A Word Is Worth a Thousand Pictures [Excerpts]
As a kid I often got toys that needed to be assembled. The instructions on the box were big pictures with very few words. I remember well the Ready Ranger backpack, the G.I. Joe Jeep, and a cutting-edge water rocket. Boom . . . I had these treasures put together in minutes. Life was good.
Sometimes I try to approach God the same way. But there are no shortcuts to knowing Him. Pictures are helpful, but instructions are vital.
God reveals Himself in two ways. Theologians call these general revelation and special revelation. General revelation does not come as nouns and verbs; it comes to us through the splendor of creation. Whether we are looking through a microscope or a telescope, the message is clear—God is real! “The heavens declare the glory of God; and the firmament shows His handiwork” (Psalm:19:1). This is happening every moment of every day, and no place on earth or in the cosmos escapes this message (Psalm:19:2–4).
What do these helpful pictures communicate? The Creator’s Existence (Psalm:19:1)—He is here and everywhere. He leaves His providential fingerprints on everything. Every day. The Creator’s Glory (Psalm:19:1; Romans:1:20)—He is not like us and we are not equal to Him. His attributes, eternal power, and divine nature are exalted above all creation and eternity. The Creator’s Authority (Romans:2:14–16)—This Creator will judge human beings against His standard, not theirs.
As helpful as the pictures are, they are insufficient to answer the urgent questions they raise in our hearts—questions like “How can I be rightly related to this Creator?” “Can I be free from my guilty conscience?” General revelation is very informative, but it does not give us the complete story. We need to read the instructions.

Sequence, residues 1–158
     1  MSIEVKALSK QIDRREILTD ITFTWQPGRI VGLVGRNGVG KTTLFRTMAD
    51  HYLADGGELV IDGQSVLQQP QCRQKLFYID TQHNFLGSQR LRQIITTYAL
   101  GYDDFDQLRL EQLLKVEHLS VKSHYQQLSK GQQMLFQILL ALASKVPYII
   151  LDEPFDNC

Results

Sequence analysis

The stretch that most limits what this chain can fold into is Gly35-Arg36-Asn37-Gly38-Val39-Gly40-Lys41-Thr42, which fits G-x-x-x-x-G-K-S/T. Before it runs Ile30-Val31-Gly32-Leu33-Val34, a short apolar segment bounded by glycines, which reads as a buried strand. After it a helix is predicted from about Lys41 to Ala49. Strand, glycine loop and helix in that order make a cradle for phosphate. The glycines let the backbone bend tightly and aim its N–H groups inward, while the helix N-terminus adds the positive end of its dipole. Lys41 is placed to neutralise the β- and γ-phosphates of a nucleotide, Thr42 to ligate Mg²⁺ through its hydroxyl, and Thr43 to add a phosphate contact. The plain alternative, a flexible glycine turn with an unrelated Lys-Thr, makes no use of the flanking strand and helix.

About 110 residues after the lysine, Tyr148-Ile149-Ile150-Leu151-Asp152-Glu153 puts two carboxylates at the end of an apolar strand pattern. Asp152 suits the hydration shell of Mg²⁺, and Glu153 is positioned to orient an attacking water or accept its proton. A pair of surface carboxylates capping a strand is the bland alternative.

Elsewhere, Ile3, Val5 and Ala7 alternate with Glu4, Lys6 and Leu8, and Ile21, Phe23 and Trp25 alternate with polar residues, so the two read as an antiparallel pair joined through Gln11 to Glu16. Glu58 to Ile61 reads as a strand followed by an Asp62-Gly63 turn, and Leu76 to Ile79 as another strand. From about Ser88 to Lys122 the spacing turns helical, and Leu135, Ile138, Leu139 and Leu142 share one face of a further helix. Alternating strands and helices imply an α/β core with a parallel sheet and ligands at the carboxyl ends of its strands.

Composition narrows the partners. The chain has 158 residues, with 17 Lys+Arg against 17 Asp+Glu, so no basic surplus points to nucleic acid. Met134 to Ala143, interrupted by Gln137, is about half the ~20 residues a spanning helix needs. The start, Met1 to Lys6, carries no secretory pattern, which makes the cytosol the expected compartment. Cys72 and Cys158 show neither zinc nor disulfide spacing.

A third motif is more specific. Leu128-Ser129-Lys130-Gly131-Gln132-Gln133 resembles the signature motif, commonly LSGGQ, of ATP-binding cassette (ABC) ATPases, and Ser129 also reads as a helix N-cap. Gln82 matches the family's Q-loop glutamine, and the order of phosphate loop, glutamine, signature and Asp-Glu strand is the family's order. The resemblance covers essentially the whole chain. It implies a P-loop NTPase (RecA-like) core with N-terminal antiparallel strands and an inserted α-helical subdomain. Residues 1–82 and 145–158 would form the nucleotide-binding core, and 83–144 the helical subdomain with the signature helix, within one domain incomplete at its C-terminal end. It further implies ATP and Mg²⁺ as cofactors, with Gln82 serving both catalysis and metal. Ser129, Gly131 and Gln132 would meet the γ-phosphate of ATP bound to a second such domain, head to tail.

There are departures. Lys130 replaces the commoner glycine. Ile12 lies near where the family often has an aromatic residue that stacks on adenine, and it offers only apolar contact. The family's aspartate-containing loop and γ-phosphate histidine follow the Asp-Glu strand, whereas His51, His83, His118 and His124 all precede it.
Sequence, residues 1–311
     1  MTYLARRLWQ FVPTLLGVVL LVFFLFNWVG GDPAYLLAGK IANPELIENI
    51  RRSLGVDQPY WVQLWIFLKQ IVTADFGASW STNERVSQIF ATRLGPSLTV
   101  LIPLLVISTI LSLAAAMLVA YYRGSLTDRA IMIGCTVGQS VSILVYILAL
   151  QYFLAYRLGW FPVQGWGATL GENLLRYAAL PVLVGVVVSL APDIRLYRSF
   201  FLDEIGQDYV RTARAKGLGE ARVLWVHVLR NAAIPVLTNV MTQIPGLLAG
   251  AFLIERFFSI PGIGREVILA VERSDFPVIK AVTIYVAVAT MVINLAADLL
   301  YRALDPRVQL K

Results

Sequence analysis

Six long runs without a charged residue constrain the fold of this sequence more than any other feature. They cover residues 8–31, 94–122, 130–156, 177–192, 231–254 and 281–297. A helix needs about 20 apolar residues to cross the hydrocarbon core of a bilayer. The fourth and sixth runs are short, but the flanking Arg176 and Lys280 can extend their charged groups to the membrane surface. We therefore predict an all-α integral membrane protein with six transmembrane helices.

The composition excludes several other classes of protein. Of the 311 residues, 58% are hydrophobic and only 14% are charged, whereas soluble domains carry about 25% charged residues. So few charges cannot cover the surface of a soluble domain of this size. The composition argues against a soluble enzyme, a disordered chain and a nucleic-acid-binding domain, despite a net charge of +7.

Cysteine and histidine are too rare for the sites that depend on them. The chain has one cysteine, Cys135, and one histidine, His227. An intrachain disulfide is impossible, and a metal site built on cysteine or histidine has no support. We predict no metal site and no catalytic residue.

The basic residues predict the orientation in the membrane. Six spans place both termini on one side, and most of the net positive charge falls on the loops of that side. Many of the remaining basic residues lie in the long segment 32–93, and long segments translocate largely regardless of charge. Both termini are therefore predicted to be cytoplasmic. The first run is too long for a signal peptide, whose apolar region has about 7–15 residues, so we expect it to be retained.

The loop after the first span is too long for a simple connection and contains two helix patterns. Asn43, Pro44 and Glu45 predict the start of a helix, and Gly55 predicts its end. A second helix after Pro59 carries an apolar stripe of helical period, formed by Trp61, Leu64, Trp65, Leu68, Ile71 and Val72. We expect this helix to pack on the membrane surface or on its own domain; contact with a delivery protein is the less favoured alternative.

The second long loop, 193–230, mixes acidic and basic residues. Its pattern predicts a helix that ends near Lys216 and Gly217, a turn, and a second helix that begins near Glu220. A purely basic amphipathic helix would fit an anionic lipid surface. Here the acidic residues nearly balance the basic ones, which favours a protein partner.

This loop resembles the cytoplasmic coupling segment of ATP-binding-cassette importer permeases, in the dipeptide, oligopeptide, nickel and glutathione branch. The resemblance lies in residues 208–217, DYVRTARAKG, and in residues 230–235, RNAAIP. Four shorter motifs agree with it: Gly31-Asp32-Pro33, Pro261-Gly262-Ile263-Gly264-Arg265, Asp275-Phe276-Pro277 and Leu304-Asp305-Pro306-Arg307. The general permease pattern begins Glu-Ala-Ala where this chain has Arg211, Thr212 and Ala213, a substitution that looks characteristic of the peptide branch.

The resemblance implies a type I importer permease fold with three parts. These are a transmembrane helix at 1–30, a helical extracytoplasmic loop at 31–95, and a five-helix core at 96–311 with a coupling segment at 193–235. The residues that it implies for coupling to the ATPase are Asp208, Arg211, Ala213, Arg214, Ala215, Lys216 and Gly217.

Just as God reveals His glory through creation, He also reveals His will through language. “Long ago, at many times and in many ways, God spoke to our fathers by the prophets, but in these last days he has spoken to us by his Son” (Hebrews:1:1–2).
In other words, the Old Testament (the words of “the fathers, the prophets”) and the New Testament (“His Son” speaking by His Spirit and through the authors) give us the vital specifics (special revelation) that the pictures (general revelation) can’t provide. They give us specifics about the history of creation, Fall, rescue, and restoration. According to 2 Timothy:3:15–16, the Bible tells us: how to be saved (wisdom that leads to salvation); what to believe (doctrine); what is wrong (reproof); what must change (correction); and how to live (training in righteousness).
Every book of the Bible gives us crucial information the “pictures” of general revelation do not provide. Take Genesis as an example. It shares the details of creation (Genesis 1); the placing of mankind at the pinnacle of creation and the institution of marriage (Genesis 2); the Fall into sin and the promise of a Savior (Genesis 3); the cause and global extent of the Flood (Genesis 7–9); the beginnings of nations and languages (Genesis 11), and much more. The truths of Genesis lay the foundation for the rest of special revelation. We cannot truly understand our world and why things are as they are without the specifics that the Bible provides.
No vital detail is left out of the instructions. Period. When it comes to any necessary spiritual instruction, the Bible, God’s special revelation, is all we get and all we need. As Peter puts it, “His divine power has given to us all things that pertain to life and godliness, through the knowledge of Him who called us by glory and virtue” (2 Peter:1:3).
So we can’t just marvel at the helpful pictures of nature; we need to press further into the vital information. Every day, believers should work their way through the timely truths of Scripture. No shortcuts.